Tuesday, May 16, 2006
Microsoft and Google go mano-a-mano
Microsoft switches to own online ad broker service and cuts former ad service - Yahoo's Overture - in bid to better compete with Google in massive online ad market.
Microsoft's launch of adCenter is part of the world's largest software maker's push to better compete with Internet rivals Google (Research) and Yahoo (Research) in a U.S. online advertising market estimated to be worth around $15 billion.
Advertisers bought pay-per-click ads on MSN search through Yahoo's Overture service until last year, but adCenter handled an increasing percentage of those transactions during testing in recent months.
AdCenter will be initially limited to paid search, but Microsoft envisions the service being a one-stop shop for online advertising across many of the company's software platforms including Xbox games and mobile phones.
OKey...........So With that in mind, what could Google go after?
Michael Cohen, director of research with Pacific American Securities, thinks Google should stick to do what it does best: search.
"Here's a company that has the ability to raise cash and do anything they want. But I think they'd be ill-served if they didn't stick to their core strategy," Cohen said.
To that end, Google is said to have recently bought the rights to new search technology that allows users to view answers to search queries without having to leave for another Web site.
Still, Google is clearly broadening its scope beyond search. Google once noted on a corporate Web page about its philosophy that it did not "do horoscopes, financial advice or chat." Yet, Google now does two of those three things. (We're still waiting for the Google horoscope beta.)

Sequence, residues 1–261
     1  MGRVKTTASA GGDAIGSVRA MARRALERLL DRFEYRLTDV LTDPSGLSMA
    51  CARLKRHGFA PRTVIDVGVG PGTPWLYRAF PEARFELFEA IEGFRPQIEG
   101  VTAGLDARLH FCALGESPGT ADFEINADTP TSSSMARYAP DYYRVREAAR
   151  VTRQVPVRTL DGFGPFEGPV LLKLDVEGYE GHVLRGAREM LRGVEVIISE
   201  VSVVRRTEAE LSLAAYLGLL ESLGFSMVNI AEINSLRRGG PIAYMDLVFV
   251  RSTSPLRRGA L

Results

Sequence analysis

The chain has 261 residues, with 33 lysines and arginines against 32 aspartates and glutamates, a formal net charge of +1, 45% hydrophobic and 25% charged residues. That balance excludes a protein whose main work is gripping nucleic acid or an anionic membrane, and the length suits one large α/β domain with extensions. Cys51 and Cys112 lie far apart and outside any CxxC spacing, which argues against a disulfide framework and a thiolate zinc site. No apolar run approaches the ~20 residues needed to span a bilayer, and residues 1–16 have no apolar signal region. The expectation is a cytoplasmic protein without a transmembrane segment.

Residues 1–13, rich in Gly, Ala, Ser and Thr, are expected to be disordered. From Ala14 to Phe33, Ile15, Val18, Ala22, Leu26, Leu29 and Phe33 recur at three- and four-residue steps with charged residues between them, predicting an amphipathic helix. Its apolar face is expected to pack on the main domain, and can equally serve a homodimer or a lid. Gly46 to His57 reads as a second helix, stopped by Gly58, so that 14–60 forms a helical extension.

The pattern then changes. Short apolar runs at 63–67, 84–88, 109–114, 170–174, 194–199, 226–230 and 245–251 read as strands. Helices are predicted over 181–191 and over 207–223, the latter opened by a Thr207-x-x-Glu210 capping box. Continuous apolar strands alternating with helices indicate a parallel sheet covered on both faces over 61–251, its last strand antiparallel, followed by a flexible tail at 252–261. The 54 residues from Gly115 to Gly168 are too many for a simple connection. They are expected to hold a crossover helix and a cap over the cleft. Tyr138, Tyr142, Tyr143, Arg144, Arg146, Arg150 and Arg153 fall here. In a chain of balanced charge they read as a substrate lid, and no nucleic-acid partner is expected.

As such, Bill Tancer, general manager of global research with Hitwise, an Internet research firm, thinks Google needs to make more deals in social networking. He said Google's biggest threat will not come from search engines like Yahoo! (Research), Microsoft's (Research) MSN or IAC/Interactive's (Research) Ask.com but from MySpace, the social networking site owned by News Corp (Research).
"Google's core business is helping people consume information on the Web. As we see Google grow out its content offerings such as finance and maps, I think they'd have to make a serious play into more social and user-generated content," he said.
Google already has some presence in this area - web log tool Blogger, photo sharing software service Picasa and social networking site, Orkut, for example. But Tancer thinks Google needs to make an even bigger splash.
Google's ultimate goal is to be more competitive with Microsoft on several fronts, the company has a long way to go. Google had nearly 5,700 employees at the end of last year, up from about 3,000 at the end of 2004. Microsoft has about 61,000 workers worldwide.
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